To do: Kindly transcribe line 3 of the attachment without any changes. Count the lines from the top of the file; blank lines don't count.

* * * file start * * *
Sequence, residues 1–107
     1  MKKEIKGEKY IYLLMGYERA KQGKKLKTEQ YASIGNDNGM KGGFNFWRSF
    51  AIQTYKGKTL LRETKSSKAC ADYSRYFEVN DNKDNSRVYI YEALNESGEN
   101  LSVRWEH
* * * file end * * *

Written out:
    51  AIQTYKGKTL LRETKSSKAC ADYSRYFEVN DNKDNSRVYI YEALNESGEN